“Girl Unmoored is about friendship. Deep, loyal friendship. The kind that supersedes family. The kind that keeps you anchored when everything else is falling apart. The kind that can save you.”

Then there are the [true] glowing, heartfelt raves:

“Love, loss, and the coming of age of one remarkable girl blaze through this haunting debut like a shooting star you’d wish upon. It’s tough and tender, funny and smart, and it frankly took my breath away. I loved it.”
– Caroline Leavitt, New York Times bestselling author of Pictures of You

“With stunning emotional honesty, Girl Unmoored shaves away layers of innocence to reveal the true meaning of love… Effortlessly funny and poignant, Jennifer Gooch Hummer’s masterful debut offers surprises until the very end – a must-read!”
– Elise Allen, New York Times bestselling co-author of Elixir and author of Populazzi

“This book sneaks up on you. One moment you’re laughing at the quick wit and the next you can’t swallow down the lump in your throat. An intimate story of the entanglement of love and loss, Girl Unmoored breaks through the wall around your heart, giving it room to expand.”
– Susan Henderson, bestselling author of Up from the Blue

“From the shadows of loss and uncertainty to the ultimate act of forgiveness, Girl Unmoored is a uniquely rendered and quirky coming-of-age tale that will break your heart one minute and have you laughing out loud the next.”
– Beth Hoffman, New York Times bestselling author of Saving CeeCee Honeycutt

“Fierce, funny, deeply eloquent, and unerringly honest, Girl Unmoored is all four courses and dessert. What a dazzling, satisfying novel!”
– Gwendolen Gross, bestselling author of The Orphan Sister

In fact, here’s an entire page of reviews.

And, perhaps the pièce de résistance, Girl Unmoored recently won Paris Book Festival Award 2012, Best YA Fiction.

The synopsis:

Apron Bramhall has come unmoored. Fortunately, she’s about to be saved by Jesus. Not that Jesus—the actor who plays him in Jesus Christ Superstar. Apron is desperate to avoid the look-alike Mike, who’s suddenly everywhere, until she’s stuck in church with him one day. Then something happens—Apron’s broken teenage heart blinks on for the first time since she’s been adrift.

Mike and his boyfriend, Chad, offer her a summer job in their flower store, and Apron’s world seems to calm. But when she uncovers Chad’s secret, stormy seas return. Apron starts to see things the adults around her fail to—like what love really means, and who is paying too much for it.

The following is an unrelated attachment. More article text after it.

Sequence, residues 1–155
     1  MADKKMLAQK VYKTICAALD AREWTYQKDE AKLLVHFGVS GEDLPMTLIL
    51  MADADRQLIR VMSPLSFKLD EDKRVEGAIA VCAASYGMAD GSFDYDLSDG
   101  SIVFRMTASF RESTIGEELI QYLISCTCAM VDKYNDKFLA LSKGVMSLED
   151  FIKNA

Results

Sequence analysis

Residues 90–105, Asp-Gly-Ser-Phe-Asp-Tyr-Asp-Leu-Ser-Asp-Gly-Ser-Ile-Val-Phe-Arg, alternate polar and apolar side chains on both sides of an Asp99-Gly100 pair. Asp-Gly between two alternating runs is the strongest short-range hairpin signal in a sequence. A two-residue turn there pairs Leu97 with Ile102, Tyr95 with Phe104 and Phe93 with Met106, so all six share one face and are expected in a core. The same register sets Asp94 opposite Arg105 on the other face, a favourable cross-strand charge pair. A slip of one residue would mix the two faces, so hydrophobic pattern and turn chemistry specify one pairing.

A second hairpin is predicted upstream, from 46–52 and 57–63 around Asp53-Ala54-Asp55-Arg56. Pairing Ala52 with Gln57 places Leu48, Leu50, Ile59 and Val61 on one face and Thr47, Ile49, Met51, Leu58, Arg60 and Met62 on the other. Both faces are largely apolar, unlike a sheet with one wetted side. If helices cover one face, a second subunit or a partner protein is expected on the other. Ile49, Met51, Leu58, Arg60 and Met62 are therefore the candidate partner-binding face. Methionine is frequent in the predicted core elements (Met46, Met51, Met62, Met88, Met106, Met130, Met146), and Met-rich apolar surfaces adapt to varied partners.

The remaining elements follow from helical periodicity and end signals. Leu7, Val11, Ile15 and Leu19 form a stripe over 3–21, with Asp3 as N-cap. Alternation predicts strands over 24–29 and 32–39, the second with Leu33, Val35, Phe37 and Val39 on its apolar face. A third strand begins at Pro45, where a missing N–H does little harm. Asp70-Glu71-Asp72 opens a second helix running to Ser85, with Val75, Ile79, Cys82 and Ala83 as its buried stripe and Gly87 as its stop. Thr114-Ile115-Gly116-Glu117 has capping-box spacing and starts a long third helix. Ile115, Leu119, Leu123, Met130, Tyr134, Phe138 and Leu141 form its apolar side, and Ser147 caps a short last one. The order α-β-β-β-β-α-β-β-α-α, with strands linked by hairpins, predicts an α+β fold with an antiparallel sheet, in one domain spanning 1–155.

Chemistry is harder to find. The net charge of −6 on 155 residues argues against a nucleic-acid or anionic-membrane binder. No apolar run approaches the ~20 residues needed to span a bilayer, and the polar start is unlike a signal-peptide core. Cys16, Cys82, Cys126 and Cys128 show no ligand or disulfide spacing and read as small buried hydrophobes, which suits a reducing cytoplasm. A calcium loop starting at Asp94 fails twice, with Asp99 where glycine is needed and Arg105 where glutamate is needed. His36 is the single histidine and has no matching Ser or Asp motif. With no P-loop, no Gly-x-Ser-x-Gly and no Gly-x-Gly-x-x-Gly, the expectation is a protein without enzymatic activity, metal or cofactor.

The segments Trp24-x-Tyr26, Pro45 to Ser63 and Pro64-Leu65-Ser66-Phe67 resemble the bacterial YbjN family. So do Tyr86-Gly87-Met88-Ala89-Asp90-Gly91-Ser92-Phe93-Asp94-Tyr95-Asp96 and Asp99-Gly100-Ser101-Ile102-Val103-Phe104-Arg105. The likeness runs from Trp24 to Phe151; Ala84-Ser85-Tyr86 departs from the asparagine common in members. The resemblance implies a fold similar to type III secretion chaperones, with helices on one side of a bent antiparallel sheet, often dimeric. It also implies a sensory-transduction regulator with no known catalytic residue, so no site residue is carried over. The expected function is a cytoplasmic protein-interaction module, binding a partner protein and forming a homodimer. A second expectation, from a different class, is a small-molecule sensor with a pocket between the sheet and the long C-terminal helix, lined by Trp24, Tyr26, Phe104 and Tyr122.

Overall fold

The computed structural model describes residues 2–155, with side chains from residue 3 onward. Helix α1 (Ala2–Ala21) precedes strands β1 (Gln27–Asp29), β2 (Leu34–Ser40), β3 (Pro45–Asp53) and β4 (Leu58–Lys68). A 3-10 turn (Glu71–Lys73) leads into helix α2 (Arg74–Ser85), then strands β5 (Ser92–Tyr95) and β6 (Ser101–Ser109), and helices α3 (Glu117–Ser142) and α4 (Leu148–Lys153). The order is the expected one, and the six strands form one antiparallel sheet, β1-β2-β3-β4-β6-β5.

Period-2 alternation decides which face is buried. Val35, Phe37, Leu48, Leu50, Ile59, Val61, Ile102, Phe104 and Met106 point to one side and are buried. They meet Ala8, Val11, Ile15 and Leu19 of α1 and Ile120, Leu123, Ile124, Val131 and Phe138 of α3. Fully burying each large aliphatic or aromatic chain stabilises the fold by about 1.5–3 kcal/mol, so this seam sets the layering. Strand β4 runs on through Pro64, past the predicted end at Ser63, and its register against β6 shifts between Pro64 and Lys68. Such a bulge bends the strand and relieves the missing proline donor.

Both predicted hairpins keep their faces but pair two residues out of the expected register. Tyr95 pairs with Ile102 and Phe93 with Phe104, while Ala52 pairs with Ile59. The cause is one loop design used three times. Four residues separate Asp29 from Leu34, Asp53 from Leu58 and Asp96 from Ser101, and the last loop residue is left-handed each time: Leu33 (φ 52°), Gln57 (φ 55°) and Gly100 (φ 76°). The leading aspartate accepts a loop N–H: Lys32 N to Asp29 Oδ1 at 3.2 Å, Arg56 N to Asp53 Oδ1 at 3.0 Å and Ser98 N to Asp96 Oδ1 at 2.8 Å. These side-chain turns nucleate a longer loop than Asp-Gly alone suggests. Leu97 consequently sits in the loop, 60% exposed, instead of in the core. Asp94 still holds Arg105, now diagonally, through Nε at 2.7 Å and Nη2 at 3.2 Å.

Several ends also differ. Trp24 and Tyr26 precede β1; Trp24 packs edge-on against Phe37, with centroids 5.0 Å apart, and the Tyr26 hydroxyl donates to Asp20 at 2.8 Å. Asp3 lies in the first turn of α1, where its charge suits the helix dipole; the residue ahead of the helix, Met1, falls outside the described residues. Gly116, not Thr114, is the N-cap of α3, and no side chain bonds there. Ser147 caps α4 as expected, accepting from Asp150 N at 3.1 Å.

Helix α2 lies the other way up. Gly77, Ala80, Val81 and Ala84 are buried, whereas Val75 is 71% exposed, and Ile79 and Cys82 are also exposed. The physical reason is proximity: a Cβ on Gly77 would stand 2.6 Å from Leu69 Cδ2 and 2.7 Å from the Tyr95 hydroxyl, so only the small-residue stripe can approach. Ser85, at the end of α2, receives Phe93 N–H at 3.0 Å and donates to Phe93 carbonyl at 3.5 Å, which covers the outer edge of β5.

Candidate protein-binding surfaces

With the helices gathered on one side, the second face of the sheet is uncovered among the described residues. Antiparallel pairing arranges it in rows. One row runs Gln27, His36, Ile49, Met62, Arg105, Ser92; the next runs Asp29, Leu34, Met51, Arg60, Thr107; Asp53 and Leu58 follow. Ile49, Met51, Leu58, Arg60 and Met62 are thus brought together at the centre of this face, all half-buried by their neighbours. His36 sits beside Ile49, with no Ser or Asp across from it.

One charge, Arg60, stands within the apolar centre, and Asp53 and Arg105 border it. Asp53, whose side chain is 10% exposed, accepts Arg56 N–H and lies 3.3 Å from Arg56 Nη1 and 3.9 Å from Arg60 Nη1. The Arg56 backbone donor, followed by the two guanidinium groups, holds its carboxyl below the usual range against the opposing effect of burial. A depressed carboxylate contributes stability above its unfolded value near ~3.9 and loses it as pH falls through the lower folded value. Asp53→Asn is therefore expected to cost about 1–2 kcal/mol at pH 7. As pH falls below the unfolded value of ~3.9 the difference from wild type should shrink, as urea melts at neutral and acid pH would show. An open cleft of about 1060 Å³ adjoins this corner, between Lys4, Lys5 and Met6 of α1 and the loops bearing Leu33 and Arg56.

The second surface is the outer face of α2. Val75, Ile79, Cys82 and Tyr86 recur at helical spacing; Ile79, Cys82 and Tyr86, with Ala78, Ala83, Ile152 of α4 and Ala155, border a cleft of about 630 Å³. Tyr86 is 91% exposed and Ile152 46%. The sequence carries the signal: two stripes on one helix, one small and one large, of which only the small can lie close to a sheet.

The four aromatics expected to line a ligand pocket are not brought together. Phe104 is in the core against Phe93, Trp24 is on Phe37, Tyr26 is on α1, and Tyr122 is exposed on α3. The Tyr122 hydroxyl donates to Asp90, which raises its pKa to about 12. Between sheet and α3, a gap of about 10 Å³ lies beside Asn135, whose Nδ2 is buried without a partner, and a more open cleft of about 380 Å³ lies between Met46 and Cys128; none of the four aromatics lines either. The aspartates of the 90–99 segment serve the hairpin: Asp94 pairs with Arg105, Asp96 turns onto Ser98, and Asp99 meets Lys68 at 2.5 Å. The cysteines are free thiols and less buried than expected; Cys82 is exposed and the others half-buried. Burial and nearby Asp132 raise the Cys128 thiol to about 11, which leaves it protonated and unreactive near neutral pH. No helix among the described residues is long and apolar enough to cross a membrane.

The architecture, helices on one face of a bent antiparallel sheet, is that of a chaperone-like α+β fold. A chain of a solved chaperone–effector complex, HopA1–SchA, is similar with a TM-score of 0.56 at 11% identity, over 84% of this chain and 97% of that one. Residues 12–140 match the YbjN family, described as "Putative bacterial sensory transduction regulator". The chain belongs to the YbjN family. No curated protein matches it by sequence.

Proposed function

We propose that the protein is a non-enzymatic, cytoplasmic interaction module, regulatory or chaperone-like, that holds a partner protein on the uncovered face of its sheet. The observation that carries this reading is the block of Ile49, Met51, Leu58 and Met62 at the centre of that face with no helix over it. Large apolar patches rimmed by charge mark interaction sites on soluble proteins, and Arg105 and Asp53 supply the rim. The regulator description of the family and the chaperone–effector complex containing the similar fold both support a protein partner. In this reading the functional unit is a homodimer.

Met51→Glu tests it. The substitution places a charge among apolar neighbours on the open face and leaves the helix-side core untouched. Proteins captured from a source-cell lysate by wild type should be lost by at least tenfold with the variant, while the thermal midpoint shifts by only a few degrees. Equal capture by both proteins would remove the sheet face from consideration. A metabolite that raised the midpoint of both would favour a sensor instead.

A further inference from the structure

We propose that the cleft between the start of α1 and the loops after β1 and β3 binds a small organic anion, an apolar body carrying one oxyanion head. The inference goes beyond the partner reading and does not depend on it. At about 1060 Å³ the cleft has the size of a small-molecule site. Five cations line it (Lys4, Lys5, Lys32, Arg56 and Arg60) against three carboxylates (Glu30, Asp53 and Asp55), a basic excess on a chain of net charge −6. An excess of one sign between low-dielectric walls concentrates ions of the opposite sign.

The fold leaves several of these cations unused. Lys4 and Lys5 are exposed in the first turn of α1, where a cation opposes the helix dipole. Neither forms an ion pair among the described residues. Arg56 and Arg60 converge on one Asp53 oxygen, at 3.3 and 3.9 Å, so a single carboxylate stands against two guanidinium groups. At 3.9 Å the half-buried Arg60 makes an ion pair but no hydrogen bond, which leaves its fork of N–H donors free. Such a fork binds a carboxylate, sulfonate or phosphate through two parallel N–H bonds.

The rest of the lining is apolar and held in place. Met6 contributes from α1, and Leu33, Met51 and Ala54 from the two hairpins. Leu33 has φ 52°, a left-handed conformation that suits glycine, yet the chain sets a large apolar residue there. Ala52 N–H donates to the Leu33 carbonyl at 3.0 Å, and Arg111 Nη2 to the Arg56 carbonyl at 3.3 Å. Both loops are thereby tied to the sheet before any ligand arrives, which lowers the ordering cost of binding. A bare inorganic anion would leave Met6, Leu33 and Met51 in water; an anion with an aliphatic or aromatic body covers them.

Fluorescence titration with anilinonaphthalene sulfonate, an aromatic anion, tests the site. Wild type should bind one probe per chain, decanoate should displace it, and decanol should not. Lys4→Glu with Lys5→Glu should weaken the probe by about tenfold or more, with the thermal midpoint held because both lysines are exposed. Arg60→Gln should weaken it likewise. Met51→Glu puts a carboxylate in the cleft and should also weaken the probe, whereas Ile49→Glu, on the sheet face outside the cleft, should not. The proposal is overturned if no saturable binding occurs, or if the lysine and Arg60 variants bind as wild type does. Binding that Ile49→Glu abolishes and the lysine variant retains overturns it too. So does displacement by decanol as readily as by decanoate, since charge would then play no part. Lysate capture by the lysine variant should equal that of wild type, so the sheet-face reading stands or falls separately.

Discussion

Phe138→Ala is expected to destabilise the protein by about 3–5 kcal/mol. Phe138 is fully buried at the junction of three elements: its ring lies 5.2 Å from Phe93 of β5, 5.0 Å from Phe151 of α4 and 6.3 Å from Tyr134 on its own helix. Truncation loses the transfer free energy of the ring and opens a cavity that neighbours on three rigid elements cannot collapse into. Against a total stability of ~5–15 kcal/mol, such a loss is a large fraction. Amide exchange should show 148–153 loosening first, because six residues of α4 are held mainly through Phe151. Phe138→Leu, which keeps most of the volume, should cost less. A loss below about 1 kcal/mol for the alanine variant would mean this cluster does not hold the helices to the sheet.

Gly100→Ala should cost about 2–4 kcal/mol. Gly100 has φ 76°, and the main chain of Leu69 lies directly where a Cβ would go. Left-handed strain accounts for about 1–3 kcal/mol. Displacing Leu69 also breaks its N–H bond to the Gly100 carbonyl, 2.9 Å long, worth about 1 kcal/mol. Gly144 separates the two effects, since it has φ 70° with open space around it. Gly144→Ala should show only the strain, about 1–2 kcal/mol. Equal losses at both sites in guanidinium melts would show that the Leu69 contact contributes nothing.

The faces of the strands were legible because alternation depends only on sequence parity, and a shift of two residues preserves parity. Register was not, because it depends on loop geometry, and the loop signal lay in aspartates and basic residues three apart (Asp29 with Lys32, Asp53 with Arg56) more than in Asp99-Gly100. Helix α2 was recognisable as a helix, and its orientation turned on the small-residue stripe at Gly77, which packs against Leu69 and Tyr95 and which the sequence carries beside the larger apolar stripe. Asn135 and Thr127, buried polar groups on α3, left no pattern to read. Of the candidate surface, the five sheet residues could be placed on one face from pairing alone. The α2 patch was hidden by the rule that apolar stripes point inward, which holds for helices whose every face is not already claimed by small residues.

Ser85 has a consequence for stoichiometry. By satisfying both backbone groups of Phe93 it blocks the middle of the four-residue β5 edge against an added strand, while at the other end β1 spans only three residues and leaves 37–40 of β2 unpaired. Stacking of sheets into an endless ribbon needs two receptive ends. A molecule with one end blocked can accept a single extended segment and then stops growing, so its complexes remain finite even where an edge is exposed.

Apron has come unmoored, but now she’ll need to take the helm if she’s to get herself and those she loves to safe harbor.

The Divining Wand has scheduled a return visit from Jennifer Gooch Hummer for next Wednesday, May 16, 2012. However, for now, let’s meet the author through her “official” bio:

Jennifer Gooch Hummer has worked as a script analyst for various talent agencies and major film studios. Her short stories have been published in Miranda Magazine, Our Stories, and Glimmertrain. A graduate of Kenyon College, she has continued studies in the Writer’s Program at UCLA, where she was nominated for the Kirkwood Prize in fiction. Currently, Jennifer lives in Southern California and Maine with her husband and their three daughters. Girl Unmoored is her first novel.

Now it’s time to get to know Jennifer upclose and personal:

Q. How would you describe your life in 8 words?
A. Creative. Lucky. Loved. Busy. Colorful. Nurturing. Funny. Quirky.

Q. What is your motto or maxim?
A. If no one has lice or is in the hospital, it can’t be that bad.

Q. How would you describe perfect happiness?
A. Having zero expectations. And World Peace.

Q. What’s your greatest fear?
A. Anything that could hurt my children

Q. If you could be anywhere in the world right now, where would you choose to be?
A. In Paris headed for Maine soon. Or in Maine headed for Paris soon.

Q. With whom in history do you most identify?
A. Any of the Salem Witches (the good kind).

Q. Which living person do you most admire?
A. My father.

Q. What are your most overused words or phrases?
A. “I’m not kidding.”

Q. If you could acquire any talent, what would it be?
A. Drawing.

Q. What is your greatest achievement?
A. That I taught my children to refer to me as “my beautiful young-looking mom” before I will listen to anything they need/want/wish/expect.

Q. What’s your greatest flaw?
A. Not remembering anything.

Q. What’s your best quality?
A. Not remembering anything.

Q. What do you regret most?
A. Loosing my cool and yelling back.

Q. If you could be any person or thing, who or what would it be?
A. I’d like to be a fairy next time around.

Q. What trait is most noticeable about you?
A. I’m always in a hurry.

Q. Who is your favorite fictional hero?
A. Phil Dunphy on Modern Family.

Q. Who is your favorite fictional villain?
A. Miranda Priestly in The Devil Wears Prada.

Q. If you could meet any athlete, who would it be and what would you say to him or her?
A. Pau Gasol. “Please, I beg you, can my Lakers-fanatic daughter take a picture with you?”

Q. What is your biggest pet peeve?
A. Incompetence.

Q. What is your favorite occupation, when you’re not writing?
A. Shopping (not for food).

Q. What’s your fantasy profession?
A. Fashion designer.

Q. What 3 personal qualities are most important to you?
A. Optimism. Humor. Loyalty.

Q. If you could eat only one thing for the rest of your days, what would it be?
A. A baguette (from France).